As banks lose their taste for consumer and mortgage lending, credit unions might be able to attract a lot of business.
As I look at the competitive marketplace, I see some fundamental changes going on that can be a blessing and a curse to credit unions. I won’t mince words: Many of the big and mid-sized banks are losing their taste for consumer and mortgage lending.
On the mortgage side, many of the big banks have virtually abandoned Veterans Administration and Federal Housing Administration lending. They’re focusing on jumbo loans—so much so that they’re again pricing them lower than conventional loans. Their objective? Ultimately, jumbo mortgages can drive another segment of their business: wealth management.
Readers of American Banker know this all too well, as everyone from community bankers to the “big boys” are investing heavily in their wealth management/private banking operations. Jumbo loans are not only bigger loans, but a feeder of prospects for the wealth management side of the business. As a result, I think we’ll see credit unions ready to pick up a lot of the conforming loan volume in coming years.
Auto Loans Drive Balances
On the auto lending side, credit unions have continuously made gains in this area over the last three decades as our market share continues to grow. When the big banks are competitive, it’s typically for a shorter time, driven solely by profit motives. Ironically, it appears when rates are dropping, margins increase for a time and the banks are “in.” This year has shown us that in a rising rate environment, the banks have a hard time competing with credit unions and then get “out.” Those in the know, know that the real reason is not necessarily the rising rate environment, but the fact credit unions tend to be laggards when it comes to pricing; we historically tend to be slow to move rates, and because of it, our volumes explode. While Ent has been faster to move rates this year than most of our credit union friends, we’ve struggled to move rates as fast as we need to maintain an acceptable return on equity in this challenging time for liquidity. Auto loans are likely to drive balance growth for credit unions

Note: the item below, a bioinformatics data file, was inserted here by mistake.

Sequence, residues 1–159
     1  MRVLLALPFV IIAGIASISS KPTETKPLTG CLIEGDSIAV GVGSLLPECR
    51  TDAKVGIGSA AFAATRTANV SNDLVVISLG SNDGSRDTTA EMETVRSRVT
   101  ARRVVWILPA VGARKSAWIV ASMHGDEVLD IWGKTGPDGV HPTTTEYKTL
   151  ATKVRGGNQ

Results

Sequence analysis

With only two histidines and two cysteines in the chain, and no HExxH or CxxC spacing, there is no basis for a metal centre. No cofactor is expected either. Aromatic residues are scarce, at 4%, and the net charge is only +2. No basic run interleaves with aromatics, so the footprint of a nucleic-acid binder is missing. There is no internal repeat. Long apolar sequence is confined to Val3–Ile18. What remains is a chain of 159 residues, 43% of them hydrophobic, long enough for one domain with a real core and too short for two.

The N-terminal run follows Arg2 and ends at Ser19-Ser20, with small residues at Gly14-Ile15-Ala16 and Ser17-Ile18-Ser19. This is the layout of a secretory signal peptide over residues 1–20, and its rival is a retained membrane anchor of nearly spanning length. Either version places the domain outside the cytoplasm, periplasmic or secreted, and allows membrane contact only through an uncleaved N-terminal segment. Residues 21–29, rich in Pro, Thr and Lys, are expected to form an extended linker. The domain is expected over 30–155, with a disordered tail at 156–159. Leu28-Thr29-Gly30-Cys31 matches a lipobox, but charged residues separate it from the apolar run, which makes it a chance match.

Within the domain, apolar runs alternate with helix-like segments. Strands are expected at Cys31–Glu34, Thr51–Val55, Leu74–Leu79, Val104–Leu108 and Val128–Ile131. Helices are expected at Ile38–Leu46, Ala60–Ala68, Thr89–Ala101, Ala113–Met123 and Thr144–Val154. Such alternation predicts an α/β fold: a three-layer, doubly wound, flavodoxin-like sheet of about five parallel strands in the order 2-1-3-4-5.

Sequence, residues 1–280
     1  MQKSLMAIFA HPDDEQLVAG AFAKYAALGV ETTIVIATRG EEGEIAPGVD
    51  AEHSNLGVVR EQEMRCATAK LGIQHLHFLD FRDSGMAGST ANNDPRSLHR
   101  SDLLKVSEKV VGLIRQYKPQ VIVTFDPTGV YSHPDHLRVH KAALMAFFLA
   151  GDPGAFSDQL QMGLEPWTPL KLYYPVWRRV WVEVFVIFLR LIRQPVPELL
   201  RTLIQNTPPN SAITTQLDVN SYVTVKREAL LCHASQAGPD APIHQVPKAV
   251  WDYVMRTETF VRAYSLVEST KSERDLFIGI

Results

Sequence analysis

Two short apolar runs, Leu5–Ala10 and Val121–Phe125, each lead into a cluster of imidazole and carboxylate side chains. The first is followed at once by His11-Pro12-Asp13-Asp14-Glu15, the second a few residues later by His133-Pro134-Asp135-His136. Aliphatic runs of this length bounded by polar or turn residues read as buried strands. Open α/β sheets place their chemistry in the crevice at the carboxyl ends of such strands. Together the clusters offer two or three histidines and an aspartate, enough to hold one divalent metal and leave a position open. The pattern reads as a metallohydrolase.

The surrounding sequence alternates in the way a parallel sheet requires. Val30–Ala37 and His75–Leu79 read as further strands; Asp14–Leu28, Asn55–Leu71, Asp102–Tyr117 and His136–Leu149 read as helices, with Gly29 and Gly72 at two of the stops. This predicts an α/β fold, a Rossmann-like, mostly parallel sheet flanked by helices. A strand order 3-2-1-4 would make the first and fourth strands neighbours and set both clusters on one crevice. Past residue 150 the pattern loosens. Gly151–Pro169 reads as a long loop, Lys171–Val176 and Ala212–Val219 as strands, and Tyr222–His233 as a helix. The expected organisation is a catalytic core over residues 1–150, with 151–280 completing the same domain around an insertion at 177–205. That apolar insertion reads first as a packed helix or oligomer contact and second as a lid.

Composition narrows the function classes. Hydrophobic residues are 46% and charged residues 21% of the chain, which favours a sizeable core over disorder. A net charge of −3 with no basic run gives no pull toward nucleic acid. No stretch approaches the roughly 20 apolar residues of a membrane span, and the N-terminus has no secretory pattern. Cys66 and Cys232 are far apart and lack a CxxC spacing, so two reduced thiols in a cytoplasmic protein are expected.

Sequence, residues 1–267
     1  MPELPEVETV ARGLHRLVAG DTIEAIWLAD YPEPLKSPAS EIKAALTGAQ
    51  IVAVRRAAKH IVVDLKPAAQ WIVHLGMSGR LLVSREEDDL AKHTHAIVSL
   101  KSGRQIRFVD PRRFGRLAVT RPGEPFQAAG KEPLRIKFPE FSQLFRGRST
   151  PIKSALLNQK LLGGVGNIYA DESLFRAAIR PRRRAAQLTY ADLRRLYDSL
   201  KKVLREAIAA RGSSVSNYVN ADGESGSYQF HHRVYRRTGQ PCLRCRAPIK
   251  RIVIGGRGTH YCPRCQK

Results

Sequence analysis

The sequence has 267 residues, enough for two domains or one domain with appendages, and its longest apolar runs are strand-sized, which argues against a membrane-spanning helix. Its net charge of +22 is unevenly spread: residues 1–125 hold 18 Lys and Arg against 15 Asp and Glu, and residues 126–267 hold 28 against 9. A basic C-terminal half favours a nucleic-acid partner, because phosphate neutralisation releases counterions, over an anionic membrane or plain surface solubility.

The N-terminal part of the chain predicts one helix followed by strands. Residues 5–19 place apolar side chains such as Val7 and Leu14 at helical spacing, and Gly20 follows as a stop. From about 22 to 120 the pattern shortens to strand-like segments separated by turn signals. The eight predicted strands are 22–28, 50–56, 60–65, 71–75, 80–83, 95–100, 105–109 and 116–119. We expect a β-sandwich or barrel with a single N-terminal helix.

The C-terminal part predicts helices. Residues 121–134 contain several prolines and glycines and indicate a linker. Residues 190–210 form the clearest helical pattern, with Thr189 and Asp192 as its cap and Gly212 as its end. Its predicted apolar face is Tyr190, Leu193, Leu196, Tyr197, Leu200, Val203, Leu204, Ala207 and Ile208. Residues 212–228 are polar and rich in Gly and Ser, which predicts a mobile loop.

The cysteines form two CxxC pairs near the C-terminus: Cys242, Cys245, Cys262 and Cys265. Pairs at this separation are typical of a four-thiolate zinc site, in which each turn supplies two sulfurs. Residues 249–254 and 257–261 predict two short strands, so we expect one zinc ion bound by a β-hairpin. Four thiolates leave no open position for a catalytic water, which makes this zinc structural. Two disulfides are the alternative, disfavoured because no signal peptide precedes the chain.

for perhaps the next 5 to 7 years. The longer-term caveat for this segment of growth is that the EV revolution may change how cars are financed in the future. Stay tuned on that emerging threat.
Home Equity Loans Increasingly a Credit Union Product
We already know the banks have never quite returned to the home equity market with the same enthusiasm after the Great Recession. Their blip on our radar was a little stronger for a while but again plummeted during COVID. If we’re in an environment of higher rates for an extended period and HELOCs continue to be the way homeowners access their equity, I suppose there’s a chance the big banks are again a force to be reckoned with in this segment. Out of necessity, the banks could potentially choose to retain staff and move them out of mortgage and into home equity processing. That said, they’re probably more likely just to lay off staff. In most markets, credit unions will have home equity loans all to themselves.
Personal Loans: Fintechs Stronger Competitors Than Banks
Finally, the rise of the fintechs and personal loans has resulted from, at a minimum, the banks’ approach to pricing credit cards, along with the growth in rewards programs. The cost of rewards has been lumped on the backs of cardholders who carry a balance and pay interest. The banks certainly don’t want personal loans, and if credit unions want to fend off the fintechs, they’ll be increasing their book of personal loans for as long as I can foresee.
What Did I Mean by Blessing and Curse?
Credit unions may have a very bright future when it comes to lending, but only if we, as a movement, can cure our funding issues! Stay tuned for my article next month as I talk about the other side of lending: How do we fund these loans?
Bill Vogeney is chief revenue officer and self-professed lending geek at $9.5 billion Ent Credit Union, Colorado Springs.